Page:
Tagged with: , , , ,

What's your reaction?
  • dk

    Oculus Go 32/64 also known as gear vr …..200/250-280

  • daveinpublic

    Good roundup of all the info

  • Rogue Transfer

    It’s worth noting that Oculus Go will be based on the 2 year old mobile phone Snapdragon 821 platform – which is underpowered compared to the others here which feature more recent and powerful mobile hardware. Not to mention its lack of an SD slot and USB side-loading hasn’t been guaranteed. This would limit you to streaming & store content only. With only 32GB storage at that price, it’ll be highly limiting compared to the competition, as well as quickly obsoleted.

    • Doctor Bambi

      Personally I’m not too concerned about that 821 processor when you factor in performance gains from cutting out all the background phone processes and adding better cooling.

      But I am concerned about the lack of an SD card slot. Watching movies is going to be a huge use case for Go. It was Oculus’ own research that showed 50% of GearVR activity is dedicated to watching video content. Seeing as we’ll not have access to data networks on this device, it’ll be crucial to give users a way to access video content without having to rely on shoddy wifi networks (the stuff you run into pretty much anytime you travel anywhere). Hopefully they allow USB side loading otherwise it’s going to be the most requested feature by a mile.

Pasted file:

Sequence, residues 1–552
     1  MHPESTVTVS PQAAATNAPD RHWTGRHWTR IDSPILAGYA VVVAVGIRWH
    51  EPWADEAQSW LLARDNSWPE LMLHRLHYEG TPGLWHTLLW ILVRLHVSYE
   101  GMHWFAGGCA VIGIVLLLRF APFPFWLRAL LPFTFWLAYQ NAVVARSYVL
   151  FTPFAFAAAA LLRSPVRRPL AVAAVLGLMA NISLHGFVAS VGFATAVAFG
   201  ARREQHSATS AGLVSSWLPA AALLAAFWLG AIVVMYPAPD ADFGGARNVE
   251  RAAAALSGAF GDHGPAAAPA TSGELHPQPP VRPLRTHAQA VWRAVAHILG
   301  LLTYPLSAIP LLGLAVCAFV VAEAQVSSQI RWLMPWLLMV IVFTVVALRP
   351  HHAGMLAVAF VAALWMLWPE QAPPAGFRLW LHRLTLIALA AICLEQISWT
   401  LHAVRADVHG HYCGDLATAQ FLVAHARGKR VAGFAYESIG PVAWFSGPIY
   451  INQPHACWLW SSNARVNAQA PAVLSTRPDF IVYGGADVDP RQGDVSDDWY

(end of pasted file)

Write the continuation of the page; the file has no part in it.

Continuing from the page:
• Toma Meneses

        John Carmack confirmed that loading media through USB OTG should work. Streaming videos from a local DLNA/Plex server hosted on your PC is also a viable option.

    • dk

      the 64gb will be like 250-280

  • Nice roundup. The Pico Neo really excited me, but the reviews about its controllers are not enthusiastic as you yourself have written. There is a reason if Vive China president talking with me has said that the Focus has not two 6 DOF controllers because they didn’t manage in creating a solution that worked well.

    • Plus, “Neo” will cost $700. NOBODY is buying that! lol
      2nd gen standalones, like “Santa Cruz”, won’t be near that expensive.

      • dk

        if u think Santa Cruz will be cheaper than at least 600 ….u r dreaming